The strongest risk factor for SUDEP is having frequent, generalized tonic-clonic seizures. The more frequent and uncontrolled these types of seizures are greatly increases the risk of SUDEP. Other risk factors include not taking medication on time or as prescribed in the correct dosages and abruptly stopping or changing your medications. People who are also taking more than one prescribed anti-epileptic drugs (AED’s) are also at higher risk.
Because there is so little known about SUDEP, it can sometimes be difficult to assess your own risk. It is extremely important that you speak with your neurologist and healthcare team about your own situation. Starting this conversation can be difficult, nobody wants to hear that they or a loved one is at a high risk of SUDEP, but it is far more important to have a scary conversation and be well-informed. Many times, families of people who have passed from SUDEP will say that they were unaware that SUDEP was a possibility, or that they didn’t know their loved one was at risk. It is always better to ask the questions than to be left shaking your head after something tragic occurs.
Even if your neurologist has never broached the subject of SUDEP with you – ask them about it! They may have not told you because your risk is low, or they don’t know enough about your seizure activity yet. It can be extremely overwhelming getting an epilepsy diagnosis, and it can become even more overwhelming and upsetting if the next thing said is that epilepsy can be fatal. Some doctors may choose to hold off the discussion of SUDEP until the next appointment meeting or until they can gain more information and insights into your situation.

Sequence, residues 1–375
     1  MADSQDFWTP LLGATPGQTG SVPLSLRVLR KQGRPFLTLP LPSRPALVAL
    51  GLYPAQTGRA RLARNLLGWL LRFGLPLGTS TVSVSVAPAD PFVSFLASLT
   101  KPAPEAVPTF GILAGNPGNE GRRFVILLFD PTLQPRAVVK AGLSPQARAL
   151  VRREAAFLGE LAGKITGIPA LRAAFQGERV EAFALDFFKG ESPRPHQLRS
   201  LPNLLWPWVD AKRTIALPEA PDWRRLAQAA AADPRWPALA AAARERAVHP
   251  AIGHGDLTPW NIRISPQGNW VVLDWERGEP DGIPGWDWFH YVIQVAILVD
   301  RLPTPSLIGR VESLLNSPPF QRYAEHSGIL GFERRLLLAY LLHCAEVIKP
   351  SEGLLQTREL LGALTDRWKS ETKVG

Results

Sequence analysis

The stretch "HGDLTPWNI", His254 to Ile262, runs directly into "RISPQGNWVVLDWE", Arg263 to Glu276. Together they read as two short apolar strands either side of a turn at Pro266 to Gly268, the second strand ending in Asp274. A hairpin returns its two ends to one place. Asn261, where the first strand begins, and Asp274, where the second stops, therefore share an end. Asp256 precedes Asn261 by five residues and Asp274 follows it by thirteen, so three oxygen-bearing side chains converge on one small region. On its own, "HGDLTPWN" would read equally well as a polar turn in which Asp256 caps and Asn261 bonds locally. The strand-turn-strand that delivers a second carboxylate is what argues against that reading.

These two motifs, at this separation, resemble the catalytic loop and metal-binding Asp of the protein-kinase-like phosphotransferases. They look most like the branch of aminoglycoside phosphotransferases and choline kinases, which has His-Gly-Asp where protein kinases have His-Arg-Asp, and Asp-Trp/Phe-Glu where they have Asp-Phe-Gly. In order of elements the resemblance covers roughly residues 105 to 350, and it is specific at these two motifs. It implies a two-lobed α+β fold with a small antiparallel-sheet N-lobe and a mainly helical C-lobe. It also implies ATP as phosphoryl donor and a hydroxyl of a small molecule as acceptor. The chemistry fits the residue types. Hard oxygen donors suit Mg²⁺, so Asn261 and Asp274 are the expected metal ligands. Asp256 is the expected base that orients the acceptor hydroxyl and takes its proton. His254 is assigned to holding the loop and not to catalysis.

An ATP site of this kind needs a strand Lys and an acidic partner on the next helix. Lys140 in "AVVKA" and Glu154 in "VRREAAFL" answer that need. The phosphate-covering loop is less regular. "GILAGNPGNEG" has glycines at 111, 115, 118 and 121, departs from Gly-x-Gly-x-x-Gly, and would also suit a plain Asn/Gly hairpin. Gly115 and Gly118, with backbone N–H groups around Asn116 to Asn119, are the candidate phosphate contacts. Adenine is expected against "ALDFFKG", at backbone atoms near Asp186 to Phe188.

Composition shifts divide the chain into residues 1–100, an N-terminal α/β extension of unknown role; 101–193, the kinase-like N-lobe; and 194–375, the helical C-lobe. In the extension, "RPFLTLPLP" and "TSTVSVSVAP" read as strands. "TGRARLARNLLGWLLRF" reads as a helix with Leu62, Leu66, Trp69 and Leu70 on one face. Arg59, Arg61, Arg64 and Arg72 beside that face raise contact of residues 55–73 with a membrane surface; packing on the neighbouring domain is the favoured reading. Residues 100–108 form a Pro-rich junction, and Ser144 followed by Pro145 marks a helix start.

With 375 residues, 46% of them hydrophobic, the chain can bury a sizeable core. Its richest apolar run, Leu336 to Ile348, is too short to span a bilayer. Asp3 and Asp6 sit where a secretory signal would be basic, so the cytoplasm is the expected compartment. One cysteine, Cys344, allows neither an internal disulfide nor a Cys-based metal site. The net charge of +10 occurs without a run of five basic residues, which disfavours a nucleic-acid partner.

It is hard to know when or if SUDEP is going to occur but there are things that you can do to minimize your risk. Work to minimize the number of seizures you experience which means:
• Sticking to your prescribed treatment (medications, diets etc.) from your doctor
• Take all medications on time, in the correct dosages
• Let your doctor know of any troublesome side effects from medications as soon as possible
• Do not change or abruptly stop taking your medications
• Work to identify some possible seizure triggers you may have so you can avoid them
• Make sure to keep and attend your appointments with your healthcare team
• Be honest about the number of seizures you are experiencing or if you are having difficulties with your medications
• Discuss other types of epilepsy treatments with your neurologist if necessary
• Do your best to lead a healthy, active lifestyle which includes having a good diet, getting enough rest each night by keeping a regular sleep routine and getting physical exercise as often as possible
• Make sure to educate your family and friends about seizure first aid and what they can do to help if a seizure happens
If you have questions about SUDEP or want more information, please give us a call at the office at (403) 230-2764, or send an email to firstname.lastname@example.org.
Other great sources of information are:
SUDEP Aware (Canada) www.sudepaware.org
SUDEP Action (UK) www.sudep.org
SUDEP – Epilepsy Foundation of America www.epilepsy.com/learn/impact/mortality/sudep